What is a bribe?
A bribe is something offered in hopes of getting what you want. A good example is when you are trying to get your dog to come to you and you say, “I’ll give you treat” and you wave it in the air. Bribing always rewards inaction and inattention. If you have asked your dog to do something, like come, and he fails to do it, the worst thing you can do at that moment is offer him a treat. This is paying your dog for refusing to listen. Your dog will quickly start to wait and see what is being offered before listening. Don’t bribe!
What if my dog doesn’t listen and I’m tempted to bribe?
Try to avoid asking more of your dog than he can do at his current level of training. An example would be practicing come on a leash and expecting your dog to come off leash. Prior to giving a command, ask yourself if it is reasonable to expect your dog to understand what you are asking.
For those times when your dog understands but would rather do something else, you can wait them out (if you don’t sit, I’m not putting your leash on) or physically assist (gently place the dog into a sit or go get them if they didn’t come.) Then in the future be careful not to get stuck in the same situation again, this is how dogs learn to ignore commands.
What is a lure?
A lure is a toy or treat used to show the dog how to do a desired behavior also known as shaping. For example, a treat is held in front of the dog’s nose then drawn up over his head. When his head goes up and his rear goes down, he is drawn or lured into a sit. The dog then gets the treat. When luring is used correctly, it is quick and effective. However, its best to fade the lure quickly so the dog doesn’t become dependent on the lure. To fade the lure, use the same hand signal, only without the lure in your hand, then reward from your other hand.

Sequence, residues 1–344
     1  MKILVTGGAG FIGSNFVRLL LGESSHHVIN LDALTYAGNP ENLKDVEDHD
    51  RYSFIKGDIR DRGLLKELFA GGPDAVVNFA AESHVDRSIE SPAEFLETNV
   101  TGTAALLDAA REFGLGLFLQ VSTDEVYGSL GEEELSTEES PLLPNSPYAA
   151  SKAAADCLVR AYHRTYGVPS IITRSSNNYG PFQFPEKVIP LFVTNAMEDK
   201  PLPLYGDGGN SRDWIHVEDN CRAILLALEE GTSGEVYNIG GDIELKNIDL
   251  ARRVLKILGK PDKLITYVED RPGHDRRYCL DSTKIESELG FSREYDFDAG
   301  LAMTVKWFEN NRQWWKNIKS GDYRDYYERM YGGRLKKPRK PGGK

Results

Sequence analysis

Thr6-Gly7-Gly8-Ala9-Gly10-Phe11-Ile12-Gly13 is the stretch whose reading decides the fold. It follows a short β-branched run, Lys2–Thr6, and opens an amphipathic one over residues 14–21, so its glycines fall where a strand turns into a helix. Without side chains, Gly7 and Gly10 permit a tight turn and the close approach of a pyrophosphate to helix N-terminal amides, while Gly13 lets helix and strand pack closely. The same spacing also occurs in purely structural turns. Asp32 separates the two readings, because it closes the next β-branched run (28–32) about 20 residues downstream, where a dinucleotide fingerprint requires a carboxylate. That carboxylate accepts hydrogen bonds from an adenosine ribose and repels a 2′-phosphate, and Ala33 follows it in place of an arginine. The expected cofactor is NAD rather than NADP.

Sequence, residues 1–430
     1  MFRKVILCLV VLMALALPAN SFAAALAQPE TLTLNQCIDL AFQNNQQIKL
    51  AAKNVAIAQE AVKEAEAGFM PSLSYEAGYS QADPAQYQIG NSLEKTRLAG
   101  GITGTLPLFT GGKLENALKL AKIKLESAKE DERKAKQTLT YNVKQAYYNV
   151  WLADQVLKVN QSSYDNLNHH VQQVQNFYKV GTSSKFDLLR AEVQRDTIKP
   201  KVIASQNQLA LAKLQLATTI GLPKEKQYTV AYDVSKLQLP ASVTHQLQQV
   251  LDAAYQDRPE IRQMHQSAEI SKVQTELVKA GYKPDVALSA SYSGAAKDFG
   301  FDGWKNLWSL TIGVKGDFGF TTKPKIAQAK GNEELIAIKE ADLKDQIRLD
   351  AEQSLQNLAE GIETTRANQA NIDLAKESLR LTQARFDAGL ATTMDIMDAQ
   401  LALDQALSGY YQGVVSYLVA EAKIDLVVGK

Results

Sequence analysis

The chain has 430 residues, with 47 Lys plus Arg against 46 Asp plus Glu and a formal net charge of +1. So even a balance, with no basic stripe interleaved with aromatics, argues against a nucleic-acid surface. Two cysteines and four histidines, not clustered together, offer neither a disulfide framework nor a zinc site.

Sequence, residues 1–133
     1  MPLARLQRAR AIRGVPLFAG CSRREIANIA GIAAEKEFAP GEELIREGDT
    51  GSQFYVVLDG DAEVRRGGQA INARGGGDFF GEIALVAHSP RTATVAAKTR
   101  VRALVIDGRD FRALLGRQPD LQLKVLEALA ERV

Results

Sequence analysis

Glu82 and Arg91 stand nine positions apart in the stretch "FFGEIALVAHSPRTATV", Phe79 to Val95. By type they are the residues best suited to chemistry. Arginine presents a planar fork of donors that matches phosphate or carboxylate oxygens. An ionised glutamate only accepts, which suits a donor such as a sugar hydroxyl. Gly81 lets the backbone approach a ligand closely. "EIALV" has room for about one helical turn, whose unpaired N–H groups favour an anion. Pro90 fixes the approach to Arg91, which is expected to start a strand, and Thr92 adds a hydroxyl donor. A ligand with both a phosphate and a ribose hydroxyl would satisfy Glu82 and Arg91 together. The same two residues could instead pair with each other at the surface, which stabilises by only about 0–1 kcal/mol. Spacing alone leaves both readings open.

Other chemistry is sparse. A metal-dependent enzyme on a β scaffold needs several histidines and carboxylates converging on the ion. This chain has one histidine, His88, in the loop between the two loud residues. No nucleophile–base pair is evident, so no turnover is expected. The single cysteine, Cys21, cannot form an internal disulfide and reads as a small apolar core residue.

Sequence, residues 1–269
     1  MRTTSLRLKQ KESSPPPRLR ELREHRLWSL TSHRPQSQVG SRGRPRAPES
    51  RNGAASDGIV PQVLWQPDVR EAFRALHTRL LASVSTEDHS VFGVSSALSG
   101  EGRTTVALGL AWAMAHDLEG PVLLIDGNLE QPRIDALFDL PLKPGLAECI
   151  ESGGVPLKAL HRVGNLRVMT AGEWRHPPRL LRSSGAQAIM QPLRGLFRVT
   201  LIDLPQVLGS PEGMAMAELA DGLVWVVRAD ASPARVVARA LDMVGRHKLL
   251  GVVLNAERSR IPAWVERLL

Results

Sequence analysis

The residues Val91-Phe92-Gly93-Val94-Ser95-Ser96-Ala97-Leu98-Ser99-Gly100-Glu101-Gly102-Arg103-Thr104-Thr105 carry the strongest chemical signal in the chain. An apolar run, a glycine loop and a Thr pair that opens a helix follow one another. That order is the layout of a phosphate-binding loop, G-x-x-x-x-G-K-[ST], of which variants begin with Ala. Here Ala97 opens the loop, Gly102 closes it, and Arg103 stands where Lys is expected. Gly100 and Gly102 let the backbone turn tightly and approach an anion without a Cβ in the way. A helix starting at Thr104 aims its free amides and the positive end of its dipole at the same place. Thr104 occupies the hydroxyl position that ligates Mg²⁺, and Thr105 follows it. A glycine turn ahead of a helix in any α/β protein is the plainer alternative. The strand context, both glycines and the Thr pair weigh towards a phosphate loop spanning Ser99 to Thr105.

What is a reward?
A reward is best described has a payment system. When you go to work, you get paid. You may not get paid at the end of the day, but you know there is a check waiting for you at the end of the week or every 2 weeks. Tipping is another example of a reward. You tip your waiter based on his/her performance.
Rewards increase the chance that the desired behavior will happen again. If you call your dog to you, he comes, and you give a high value reward, he is more likely to come to you.
I have noticed that many people bribe, don’t wean the lure quick enough, and under reward their dogs. This leads the dog to wanting to see proof he is going to get paid (being shown the treat) before doing a command.
Correct Training Process
Luring: Only needs to be done as many times as needed until the dog is easily performing the behavior. When teaching the down command, most dogs can be weaned off the lure in about 3 days, give or take.
Rewarding: “Pay the dog” every time the dog does a command on his own. The treats should always be hidden in a treat bag, your closed hand, or pocket. When he does a command you ask, you reward. Rewarding will not make your dog treat dependent when done correctly. Practice in a wide variety of locations and with distractions. Make sure to vary the reward and include real life rewards such as walks, car rides, fetch, etc.
Raising the Criteria: After your dog is becoming more fluent now it’s time to only reward the better responses. Beforehand we might reward on the 2nd or 3rd command, but now we will only reward on the 1st command. This teaches your dog to try harder.
Maintenance: Training is never complete after 1 class. You have only scratched the surface. If you have a puppy, you will spend the majority of the dog’s first TWO years training. If you have an adult dog, you will spend a good 6-12 months training consistently depending on goals. You must take training everywhere your dog goes. This includes home, the vet, park, friend/family house, stores, the list continues. Your dog needs to understand he must listen everywhere not only at home or inside the home. Maintenance checks are mandatory. If you notice your dog slacking on any command, practice that command more.